"Heaven is hot right now--not in temperature, but in public interest. Everyone who longs to get a glimpse of the afterlife will be grateful for this gripping first-person account by Peter Panagore, who dies on a cold mountainside after a heart-pounding ice climb in the Canadian wilderness. There he meets the God who made him and knows him--the God who is loving, all-powerful and real. This book will give hope and confidence to all who wonder about what lies beyond our earthly existence." --Henry G. Brinton, senior pastor of Fairfax Presbyterian Church in Virginia and author of The Welcoming Congregation: Roots and Fruits of Christian Hospitality
"Heaven is Beautiful is a profound, true story offering amazing proof that there is more. This book and its illuminating truth pushed my restart button! Best page-turning read of the year!" --Jennifer Skiff, author of God Stories: Inspiring Encounters with the Divine and The Divinity of Dogs
From the Back Cover
"Best page-turning read of the year!" --Jennifer Skiff, author of God Stories: Inspiring Encounters with the Divine and The Divinity of Dogs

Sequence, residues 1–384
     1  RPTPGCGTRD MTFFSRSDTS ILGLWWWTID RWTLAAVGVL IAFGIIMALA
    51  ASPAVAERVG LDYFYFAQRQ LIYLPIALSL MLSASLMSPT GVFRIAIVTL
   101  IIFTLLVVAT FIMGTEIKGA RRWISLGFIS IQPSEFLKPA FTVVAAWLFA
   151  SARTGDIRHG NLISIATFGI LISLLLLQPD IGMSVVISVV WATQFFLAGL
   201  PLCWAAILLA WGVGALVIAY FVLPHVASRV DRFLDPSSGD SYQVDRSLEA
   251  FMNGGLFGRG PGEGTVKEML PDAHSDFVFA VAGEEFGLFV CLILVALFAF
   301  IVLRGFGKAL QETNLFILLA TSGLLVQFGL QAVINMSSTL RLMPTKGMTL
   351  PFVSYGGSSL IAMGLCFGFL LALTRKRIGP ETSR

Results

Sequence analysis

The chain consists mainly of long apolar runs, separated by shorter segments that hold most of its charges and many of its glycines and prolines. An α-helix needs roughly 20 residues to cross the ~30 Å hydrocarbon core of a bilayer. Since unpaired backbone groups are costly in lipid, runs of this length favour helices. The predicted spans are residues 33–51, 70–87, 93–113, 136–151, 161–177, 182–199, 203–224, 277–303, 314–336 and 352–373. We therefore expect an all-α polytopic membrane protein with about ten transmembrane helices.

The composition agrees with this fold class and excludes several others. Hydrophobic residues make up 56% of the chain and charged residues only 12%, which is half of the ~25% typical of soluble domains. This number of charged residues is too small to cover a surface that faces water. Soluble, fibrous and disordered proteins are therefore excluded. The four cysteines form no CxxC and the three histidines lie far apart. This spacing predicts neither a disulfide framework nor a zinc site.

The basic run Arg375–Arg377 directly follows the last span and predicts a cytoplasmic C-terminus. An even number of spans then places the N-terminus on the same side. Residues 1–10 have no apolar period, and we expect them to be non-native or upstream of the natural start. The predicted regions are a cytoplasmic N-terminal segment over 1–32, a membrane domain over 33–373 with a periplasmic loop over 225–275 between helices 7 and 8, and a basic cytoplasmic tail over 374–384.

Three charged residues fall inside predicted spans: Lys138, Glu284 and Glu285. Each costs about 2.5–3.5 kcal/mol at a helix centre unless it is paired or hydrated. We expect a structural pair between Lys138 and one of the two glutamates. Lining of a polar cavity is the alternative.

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Top Customer Reviews
The second effort is perhaps the most noble as the author attempts what he acknowledges to be an impossible task: How does one narrate what is by definition ineffable? He wrestles with this repeatedly making sure we know that there are no words to convey the substance of his near-death experience (NDE) on the side of an ice cliff, because words themselves are limited symbols. And yet, with frequent reminders of the conundrum, Panagore plunges in. As warned, it left me feeling both eager to understand, and yet knowing I was unable to fully embrace what is by its very nature personal and intimate. However, the comfortable and
￼familiar manner of the prose helps the reader to simply trust, and enter into the author’s experience.
The narrative then shifts from an outdoor adventure to one of deep struggle as Rev. Panagore endeavors to live with the experience. Because he decided not to reveal it to anyone for years, the story is an internal one, bracketed by external events. We are drawn into a story of inner turmoil and struggle as he comes to grips with the aftermath of his NDE, working constantly to integrate it into his renewed sense of what it means to be alive and to be human. This, for me, was the most engaging part of the book.